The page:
Database Almanac is a very useful tool that:
- allows to select the datasource for the report/query
- displays the schemas, tables and columns in the selected database
- suggests queries to run for tables and columns to help quickly explore the data
If you have more than 1 datasource defined, the dropdown at the top of the almanac is used to select the one to use for this report. By selecting a datasource, the bottom part of the almanac changes to display the database schema.
If the selected database has more than one top-level schemas, a second dropdown appears that allows to switch the display of the tables/columns for each of the schemas.
The top level of the almanac displays the list of tables with approximate row count for each of the tables.
The row counts are based on the database internal planner data and may not be exact depending on the specific database behavior, the VACUUM scheduling and permissions of the user used to connect to the database.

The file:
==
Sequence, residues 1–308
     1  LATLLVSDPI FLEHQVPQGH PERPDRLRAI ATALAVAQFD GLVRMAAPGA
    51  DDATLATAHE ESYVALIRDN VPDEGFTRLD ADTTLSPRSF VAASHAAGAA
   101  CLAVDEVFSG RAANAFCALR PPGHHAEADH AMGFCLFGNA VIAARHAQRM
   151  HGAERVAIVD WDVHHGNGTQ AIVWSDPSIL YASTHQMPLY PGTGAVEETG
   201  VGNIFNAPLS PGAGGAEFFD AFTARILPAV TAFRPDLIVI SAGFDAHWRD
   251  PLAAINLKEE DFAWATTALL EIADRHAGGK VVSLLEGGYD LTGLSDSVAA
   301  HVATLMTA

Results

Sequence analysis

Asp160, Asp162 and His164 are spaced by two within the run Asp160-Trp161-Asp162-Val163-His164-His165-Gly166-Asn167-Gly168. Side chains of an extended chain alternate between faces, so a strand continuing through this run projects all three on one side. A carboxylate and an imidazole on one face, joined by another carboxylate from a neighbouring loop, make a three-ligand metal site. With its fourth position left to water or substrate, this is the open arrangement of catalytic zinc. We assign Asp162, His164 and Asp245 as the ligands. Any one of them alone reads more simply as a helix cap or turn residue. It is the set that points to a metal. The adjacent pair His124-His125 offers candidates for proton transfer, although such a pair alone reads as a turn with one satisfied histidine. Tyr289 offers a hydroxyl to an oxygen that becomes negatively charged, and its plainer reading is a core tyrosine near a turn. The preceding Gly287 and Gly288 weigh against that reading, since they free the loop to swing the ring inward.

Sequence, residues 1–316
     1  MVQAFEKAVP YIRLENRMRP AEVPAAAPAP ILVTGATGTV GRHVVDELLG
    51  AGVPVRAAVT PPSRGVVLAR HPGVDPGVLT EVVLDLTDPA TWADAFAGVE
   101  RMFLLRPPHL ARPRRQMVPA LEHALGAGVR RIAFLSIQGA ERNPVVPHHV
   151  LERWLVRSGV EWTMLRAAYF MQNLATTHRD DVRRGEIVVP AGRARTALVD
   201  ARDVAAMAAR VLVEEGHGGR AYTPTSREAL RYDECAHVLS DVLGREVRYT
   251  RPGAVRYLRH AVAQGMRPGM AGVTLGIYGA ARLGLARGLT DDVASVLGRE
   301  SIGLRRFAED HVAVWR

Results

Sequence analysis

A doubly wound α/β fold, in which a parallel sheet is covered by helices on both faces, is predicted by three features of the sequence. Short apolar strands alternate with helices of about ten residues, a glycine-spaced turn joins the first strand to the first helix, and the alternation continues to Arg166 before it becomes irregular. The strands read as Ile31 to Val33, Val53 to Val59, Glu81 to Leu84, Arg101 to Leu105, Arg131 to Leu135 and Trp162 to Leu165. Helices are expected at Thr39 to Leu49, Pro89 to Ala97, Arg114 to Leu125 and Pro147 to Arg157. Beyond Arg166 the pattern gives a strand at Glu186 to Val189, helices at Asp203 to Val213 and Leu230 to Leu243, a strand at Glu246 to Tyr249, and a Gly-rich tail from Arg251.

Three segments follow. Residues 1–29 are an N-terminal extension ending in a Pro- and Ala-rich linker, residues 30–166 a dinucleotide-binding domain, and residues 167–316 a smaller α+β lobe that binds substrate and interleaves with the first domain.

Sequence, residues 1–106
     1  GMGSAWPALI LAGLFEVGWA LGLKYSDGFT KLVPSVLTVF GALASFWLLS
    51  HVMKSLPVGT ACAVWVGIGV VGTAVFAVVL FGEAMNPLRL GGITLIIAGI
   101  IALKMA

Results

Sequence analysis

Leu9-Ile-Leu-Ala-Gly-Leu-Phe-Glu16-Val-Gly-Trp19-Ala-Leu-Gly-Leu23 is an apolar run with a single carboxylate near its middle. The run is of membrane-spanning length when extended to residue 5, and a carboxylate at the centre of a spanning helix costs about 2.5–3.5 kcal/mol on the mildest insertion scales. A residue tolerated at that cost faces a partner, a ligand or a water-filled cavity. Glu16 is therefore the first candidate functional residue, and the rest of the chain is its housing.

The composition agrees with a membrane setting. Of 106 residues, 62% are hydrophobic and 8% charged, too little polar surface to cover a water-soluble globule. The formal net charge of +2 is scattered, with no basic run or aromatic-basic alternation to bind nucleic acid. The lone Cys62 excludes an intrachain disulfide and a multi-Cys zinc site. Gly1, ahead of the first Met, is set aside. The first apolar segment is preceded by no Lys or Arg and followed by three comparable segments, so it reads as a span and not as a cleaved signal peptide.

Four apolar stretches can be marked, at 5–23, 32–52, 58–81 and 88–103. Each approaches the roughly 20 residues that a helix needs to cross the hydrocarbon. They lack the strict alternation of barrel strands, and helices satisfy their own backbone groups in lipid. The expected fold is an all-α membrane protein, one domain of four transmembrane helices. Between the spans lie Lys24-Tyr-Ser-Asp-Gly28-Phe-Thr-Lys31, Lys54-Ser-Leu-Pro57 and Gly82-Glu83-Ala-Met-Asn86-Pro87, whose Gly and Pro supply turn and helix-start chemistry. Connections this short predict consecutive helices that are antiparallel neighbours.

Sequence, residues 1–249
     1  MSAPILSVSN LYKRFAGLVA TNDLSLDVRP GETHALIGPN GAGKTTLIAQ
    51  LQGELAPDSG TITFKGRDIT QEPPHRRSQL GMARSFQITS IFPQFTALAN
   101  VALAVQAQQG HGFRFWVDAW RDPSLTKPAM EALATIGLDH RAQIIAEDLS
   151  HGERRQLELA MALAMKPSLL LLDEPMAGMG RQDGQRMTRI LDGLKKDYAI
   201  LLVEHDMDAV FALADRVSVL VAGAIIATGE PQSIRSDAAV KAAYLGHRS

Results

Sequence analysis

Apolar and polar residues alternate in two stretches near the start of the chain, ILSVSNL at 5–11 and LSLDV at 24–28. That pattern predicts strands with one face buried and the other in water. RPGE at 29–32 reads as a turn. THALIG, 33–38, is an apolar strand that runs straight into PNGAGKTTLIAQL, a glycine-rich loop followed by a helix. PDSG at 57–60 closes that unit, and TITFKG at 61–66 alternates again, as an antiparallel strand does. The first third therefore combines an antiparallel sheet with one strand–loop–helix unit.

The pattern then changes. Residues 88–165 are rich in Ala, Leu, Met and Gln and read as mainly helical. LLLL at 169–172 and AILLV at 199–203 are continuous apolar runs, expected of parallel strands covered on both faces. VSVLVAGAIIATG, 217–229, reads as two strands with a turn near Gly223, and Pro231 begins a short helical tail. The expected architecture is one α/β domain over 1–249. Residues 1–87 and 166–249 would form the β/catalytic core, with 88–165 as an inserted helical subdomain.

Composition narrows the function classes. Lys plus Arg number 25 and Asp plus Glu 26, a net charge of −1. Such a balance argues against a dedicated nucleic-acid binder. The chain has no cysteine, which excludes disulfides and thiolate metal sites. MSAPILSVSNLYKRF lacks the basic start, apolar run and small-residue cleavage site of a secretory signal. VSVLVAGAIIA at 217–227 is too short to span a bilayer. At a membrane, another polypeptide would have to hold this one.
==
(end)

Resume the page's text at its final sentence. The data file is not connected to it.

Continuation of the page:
By selecting a table, the almanac will switch to display the table's columns and each column type.
The Almanac has a very handy tool - Suggested queries - that allows to quickly explore data without having to type SQL. You can use this to get an overview of a new unfamiliar dataset, or quickly look up values of tables or columns to use as a reference when writing a complex query.
Suggested queries for tables
At the top of the table details, several suggested queries are available. By clicking the box, a query is run and the results would be displayed as usual. If the SQL query editor is empty, the query will be displayed there. If you previously entered your own query, the suggested query would not replace it, but you can do so by clicking the "Replace Query" link next to the Run button if you need to.
The suggested queries for tables are:
- Quick Overview - shows 10 rows of data from the table
- Count - runs an exact count query
Suggested queries for columns
By selecting one of the columns, some more suggested queries appear, depending on the type of the column. Some examples are:
- Count over time trends for date/timestamp columns
- Value statistics
- Distinct values of the column
- Top 10 values by count